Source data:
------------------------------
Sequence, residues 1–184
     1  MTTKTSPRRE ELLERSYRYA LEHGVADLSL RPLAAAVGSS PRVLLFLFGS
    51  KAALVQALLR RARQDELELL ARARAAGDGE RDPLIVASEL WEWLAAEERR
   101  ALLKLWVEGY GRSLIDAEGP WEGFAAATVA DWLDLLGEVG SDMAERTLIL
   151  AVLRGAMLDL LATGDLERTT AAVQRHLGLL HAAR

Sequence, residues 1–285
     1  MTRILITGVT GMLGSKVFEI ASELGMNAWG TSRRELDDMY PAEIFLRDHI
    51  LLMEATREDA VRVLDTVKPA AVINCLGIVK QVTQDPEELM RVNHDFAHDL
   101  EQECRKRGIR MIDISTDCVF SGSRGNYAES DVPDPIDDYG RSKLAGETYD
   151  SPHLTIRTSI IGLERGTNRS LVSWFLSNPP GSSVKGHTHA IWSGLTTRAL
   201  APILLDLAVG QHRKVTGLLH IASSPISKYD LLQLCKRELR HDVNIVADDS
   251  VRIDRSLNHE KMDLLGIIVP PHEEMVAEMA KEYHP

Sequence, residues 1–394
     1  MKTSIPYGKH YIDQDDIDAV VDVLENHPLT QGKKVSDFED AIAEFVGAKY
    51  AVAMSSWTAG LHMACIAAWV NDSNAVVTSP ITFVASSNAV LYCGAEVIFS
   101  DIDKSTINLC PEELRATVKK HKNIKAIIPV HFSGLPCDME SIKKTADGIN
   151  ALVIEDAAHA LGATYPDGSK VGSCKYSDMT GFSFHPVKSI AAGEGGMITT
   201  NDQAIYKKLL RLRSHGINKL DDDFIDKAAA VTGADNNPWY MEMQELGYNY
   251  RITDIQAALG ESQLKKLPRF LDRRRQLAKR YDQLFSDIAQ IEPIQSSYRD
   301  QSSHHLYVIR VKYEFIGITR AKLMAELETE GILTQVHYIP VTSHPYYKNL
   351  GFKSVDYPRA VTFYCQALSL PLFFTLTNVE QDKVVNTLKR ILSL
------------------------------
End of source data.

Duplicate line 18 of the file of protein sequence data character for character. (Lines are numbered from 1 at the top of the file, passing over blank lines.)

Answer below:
   201  NDQAIYKKLL RLRSHGINKL DDDFIDKAAA VTGADNNPWY MEMQELGYNY